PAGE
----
Regardless of the size of your business, compliance, and security are something you never want to neglect. Of course, staying compliant is easier for a business with smaller-scale operations, but it’s important to scale your compliance practices as your business grows.
The growth of your business can be exciting, but it can also be a source of anxiety as it also means more matters of concern. The larger your business becomes, the more things you have to comply with. Thankfully, making your business compliant isn’t hard to do as long as you put your mind to it.
In this article, we will discuss compliance tips owners of small businesses must know. But first, let us tackle how compliance is helpful to your business.
How compliance helps your business
To comply is to follow a set of rules. For businesses, to be compliant means operating legally. A compliant business operates under industry standards, laws, regulations, and ethical conduct standards that cover it. Business owners need to ensure their operations are compliant with all relevant regulations and have the documents needed to back up their claims.
Compliance helps a business in the following:
- Building a trustworthy image
- Preventing paying hefty fines or being sued due to negligence
- Providing guidelines as to what you can and cannot do
- Giving employees a sense of safety and professionalism
Review your business structure
Analyzing the business structure for a small business, especially a young one might seem too much, but what it accomplishes is vital to ensuring compliance. Reviewing how your business is designed gives you a clear picture of how responsibility is divided across your team, even if it’s comprised of two people. Also, it shows you what your business is lacking across the board.
Have an employee policy handbook
It doesn’t matter how many employees you have — you need an employee handbook if you want to ensure compliance. An employee policy handbook is a document containing guidance and information on a company’s mission, vision, values, policies and procedures, and code of conduct. The handbook helps ensure that company policies are written clearly and communicated well. Every time an employee faces a situation of uncertainty, they can consult the handbook so they can make a decision with compliance in mind.
Be wary of changes in laws
As society shifts, so do laws. As a business owner, it’s your responsibility to be always on top of changes in laws and regulations. Otherwise, your business will have a lot of trouble remaining compliant. Laws are constantly changing, so never assume that your business is in the clear once you have all the processes and procedures in place. Compliance is a process that you’ll need to continue for as long as your business operates.
Keep everyone updated on changes
Businesses need to adapt to ever-changing laws and regulations, which means company policies will also be frequently changing. To ensure compliance, you must keep everyone, from the top to the bottom of your organization, updated on changes big or small. Policy changes should be communicated to everyone immediately while the employee handbook should be kept updated.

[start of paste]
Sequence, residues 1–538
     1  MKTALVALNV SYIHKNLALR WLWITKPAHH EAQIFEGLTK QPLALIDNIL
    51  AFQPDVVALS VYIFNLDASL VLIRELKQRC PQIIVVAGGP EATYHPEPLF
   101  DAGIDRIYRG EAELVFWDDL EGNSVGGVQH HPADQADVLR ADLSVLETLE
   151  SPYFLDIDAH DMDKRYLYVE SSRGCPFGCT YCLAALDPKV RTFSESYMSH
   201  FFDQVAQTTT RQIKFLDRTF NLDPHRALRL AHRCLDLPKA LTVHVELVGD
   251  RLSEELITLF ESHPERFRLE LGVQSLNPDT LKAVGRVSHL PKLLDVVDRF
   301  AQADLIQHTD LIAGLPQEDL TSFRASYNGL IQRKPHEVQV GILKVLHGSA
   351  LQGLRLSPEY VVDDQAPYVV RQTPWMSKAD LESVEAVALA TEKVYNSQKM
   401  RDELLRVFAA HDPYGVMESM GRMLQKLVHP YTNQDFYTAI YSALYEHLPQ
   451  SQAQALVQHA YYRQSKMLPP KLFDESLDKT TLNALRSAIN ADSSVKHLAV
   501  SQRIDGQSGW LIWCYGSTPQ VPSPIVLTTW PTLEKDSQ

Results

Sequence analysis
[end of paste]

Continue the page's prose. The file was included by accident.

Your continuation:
Communicate in one channel
No one person is solely responsible for the compliance of a business. Everyone in the organization must work together to ensure no violations are being made. To achieve effective coordination, you must centralize company communication. Having multiple channels of communication has its own perks, but the confusion and risks it comes with them overshadow those perks. When employees are using different channels to communicate, it can be challenging to ensure the integrity of the information being disseminated. Having a single channel of communication eliminates these problems. It streamlines the flow of communication and prevents confusion.
If you want to secure and maintain GDPA compliance, having a centralized communication structure for your company should be among your top priorities.
Secure a certificate of good standing
After implementing all the measures required to ensure your business’s compliance, you want to secure a Certificate of Good Standing. Having this document means your business is in good standing and backs up your claim to compliance. It’s issued by the state and it gives you the right to remain in operation.
If you get the certification, make sure you always have it ready because it’s often needed when interacting with lenders and other states. If you fail to get the document, then it means you need to go back to square one to resolve the issue that prevented you from being certified.
Assuming that compliance is less important for small businesses is a huge mistake you don’t want to make. The consequences of failing to comply with laws and regulations don’t care whether you’re a startup with four employees or a corporation with thousands of employees worldwide. Staying on top of compliance is critical for any business’s success. Almost everything — from promoting your business online to designing product packaging — must comply with something.